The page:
Ashley Carolyn Mason, a Minor by and Through Her Father Andnext Friend, E. Randolph Mason, Plaintiff-appellee,androchelle Beth House; Sara L. Bard; Mary Fowler; Lisa Anncox, Marilyn Kreutzer; Cynthia A. Larrivee, Plaintiffs, v. Institutional Review Board for Human Research, Medicaluniversity of South Carolina, Defendant-appellant, 953 F.2d 638 (4th Cir. 1992)

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US Court of Appeals for the Fourth Circuit - 953 F.2d 638 (4th Cir. 1992) Argued Jan. 10, 1991. Decided Jan. 16, 1992

Appeals from the United States District Court for the District of South Carolina, at Charleston, No. CA-89-2390-2-8, Solomon Blatt, Jr., Senior District Judge.

Richard Steven Rosen, Rosen, Rosen & Hagood, Charleston, S.C., for appellant.

Francis Thomas Draine, Columbia, S.C., for appellee.



Before WIDENER and K.K. HALL, Circuit Judges, and THOMAS SELBY ELLIS, III, United States District Judge for the Eastern District of Virginia, sitting by designation.


WIDENER, Circuit Judge:

Ashley Mason, eleven years old at times pertinent here, is autistic. She was participating in an experimental research program at the Medical University of South Carolina under the supervision of Dr. Hugh Fudenberg. The program involved the injection of what is called transfer factor, an extract made from white blood cells of a healthy donor, into individuals suffering from immune deficiencies. In May of 1989, the Institutional Review Board (IRB) at the Medical University of South Carolina ordered that Dr. Fudenberg's research program be suspended. Ashley, by her father and next friend, then brought this suit to enjoin the IRB from suspending Dr. Fudenberg's research. The district court granted a preliminary injunction enjoining the IRB from prohibiting Dr. Fudenberg from treating the patients under his care at the time, which of course, included Ashley. This court, on the IRB's motion, issued an order dissolving the preliminary injunction as improvidently granted.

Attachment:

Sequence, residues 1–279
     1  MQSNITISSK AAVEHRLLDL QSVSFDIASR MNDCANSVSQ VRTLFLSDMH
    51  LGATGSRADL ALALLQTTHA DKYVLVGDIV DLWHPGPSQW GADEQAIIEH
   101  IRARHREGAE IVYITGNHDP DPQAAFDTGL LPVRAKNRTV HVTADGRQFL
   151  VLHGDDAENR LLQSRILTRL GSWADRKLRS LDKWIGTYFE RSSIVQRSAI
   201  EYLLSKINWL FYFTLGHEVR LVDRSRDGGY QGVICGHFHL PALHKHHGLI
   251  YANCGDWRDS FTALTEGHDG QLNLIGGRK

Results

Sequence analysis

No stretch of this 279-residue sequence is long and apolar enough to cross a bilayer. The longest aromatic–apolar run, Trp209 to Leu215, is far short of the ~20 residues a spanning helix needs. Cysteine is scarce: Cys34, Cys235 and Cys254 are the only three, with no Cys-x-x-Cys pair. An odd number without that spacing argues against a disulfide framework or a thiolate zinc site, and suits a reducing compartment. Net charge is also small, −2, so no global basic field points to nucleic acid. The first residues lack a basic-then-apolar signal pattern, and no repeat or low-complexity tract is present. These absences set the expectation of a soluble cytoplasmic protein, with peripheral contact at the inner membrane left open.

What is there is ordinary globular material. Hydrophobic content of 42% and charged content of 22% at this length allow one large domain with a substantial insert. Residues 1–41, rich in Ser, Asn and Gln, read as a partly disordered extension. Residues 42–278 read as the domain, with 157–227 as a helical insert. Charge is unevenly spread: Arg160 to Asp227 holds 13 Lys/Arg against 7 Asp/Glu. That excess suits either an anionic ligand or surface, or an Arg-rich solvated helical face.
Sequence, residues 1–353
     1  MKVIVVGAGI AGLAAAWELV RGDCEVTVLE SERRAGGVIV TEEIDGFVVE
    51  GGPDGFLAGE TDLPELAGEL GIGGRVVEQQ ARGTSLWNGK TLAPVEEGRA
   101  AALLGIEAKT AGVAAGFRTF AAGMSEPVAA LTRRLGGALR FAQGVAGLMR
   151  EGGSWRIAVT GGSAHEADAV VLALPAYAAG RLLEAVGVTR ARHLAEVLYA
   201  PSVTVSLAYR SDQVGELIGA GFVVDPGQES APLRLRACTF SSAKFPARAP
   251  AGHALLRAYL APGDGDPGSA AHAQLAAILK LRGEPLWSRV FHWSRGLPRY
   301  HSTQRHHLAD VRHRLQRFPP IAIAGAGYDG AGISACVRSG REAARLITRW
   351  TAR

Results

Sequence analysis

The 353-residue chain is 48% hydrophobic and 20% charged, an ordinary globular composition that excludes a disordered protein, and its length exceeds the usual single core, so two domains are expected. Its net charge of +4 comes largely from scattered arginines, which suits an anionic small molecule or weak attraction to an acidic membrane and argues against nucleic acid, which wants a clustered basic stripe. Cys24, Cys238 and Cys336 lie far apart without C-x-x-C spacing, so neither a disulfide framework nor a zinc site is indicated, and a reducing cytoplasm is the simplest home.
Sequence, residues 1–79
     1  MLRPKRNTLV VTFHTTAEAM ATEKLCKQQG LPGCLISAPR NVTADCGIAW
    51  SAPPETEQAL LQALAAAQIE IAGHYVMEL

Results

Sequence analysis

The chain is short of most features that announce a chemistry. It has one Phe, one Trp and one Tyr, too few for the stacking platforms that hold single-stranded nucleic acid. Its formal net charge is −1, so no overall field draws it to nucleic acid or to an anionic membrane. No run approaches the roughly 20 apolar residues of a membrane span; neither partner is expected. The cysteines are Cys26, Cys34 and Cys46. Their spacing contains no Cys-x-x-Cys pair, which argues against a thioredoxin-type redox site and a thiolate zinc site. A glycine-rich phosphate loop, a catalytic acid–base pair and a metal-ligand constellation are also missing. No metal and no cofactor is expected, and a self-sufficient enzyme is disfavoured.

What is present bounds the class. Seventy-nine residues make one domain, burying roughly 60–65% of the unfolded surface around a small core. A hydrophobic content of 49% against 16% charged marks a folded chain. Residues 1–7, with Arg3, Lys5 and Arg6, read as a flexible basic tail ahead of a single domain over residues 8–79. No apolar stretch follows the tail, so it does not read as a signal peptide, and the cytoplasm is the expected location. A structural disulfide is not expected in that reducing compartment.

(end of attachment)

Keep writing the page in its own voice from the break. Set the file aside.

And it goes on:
The question raised on appeal is whether this court should uphold its ruling dissolving the preliminary injunction. However, subsequent events have rendered this case moot. On November 19, 1990, Ashley filed a motion for voluntary dismissal of her lawsuit. She stated that " [s]ince the initiation of the litigation the issues between the Plaintiff and Defendants have been rendered moot by a series of circumstances which have negated the Defendant's interference in the plaintiff's treatment and care." At oral argument, Miss Mason's attorney represented to the court that she is now getting all the experimental medical treatment she wants and that it is being provided by the University and Dr. Fudenberg1  under the supervision of a different IRB. She no longer seeks any relief. Since no relief is asked for this case is now moot.

Because the injunction issued by the district court has been dissolved, there is no district court order to vacate under Munsingwear; the case, however, is remanded to the district court for dismissal as moot. See United States v. Munsingwear, 340 U.S. 36, 39 (1950).


K.K. HALL, Circuit Judge, and THOMAS SELBY ELLIS, III, District Judge, joined.


The Court: Do you represent to the court now that you are getting, or your client is getting, all the experimental medical treatment she wants and it is being provided by the University and by Dr. Fudenberg?

Mr. Draine: Yes sir.

The Court: You do?

Mr. Draine: Yes, Your Honor. And I must say there are other plaintiffs but what happened here--

The Court: We are not concerned with other plaintiffs. Thats--there are other cases, and I expect from what you say and what your opponent says, that we will have other cases on this subject. We are concerned with the Mason case today. As I understand it, you are not asking the court for any relief. There is no relief the court can give you because you have gotten all the relief that you can get. Is that correct?

Mr. Draine: That is correct, Your Honor.

The Court: All right.


Our decision that the case is moot renders moot all outstanding motions therein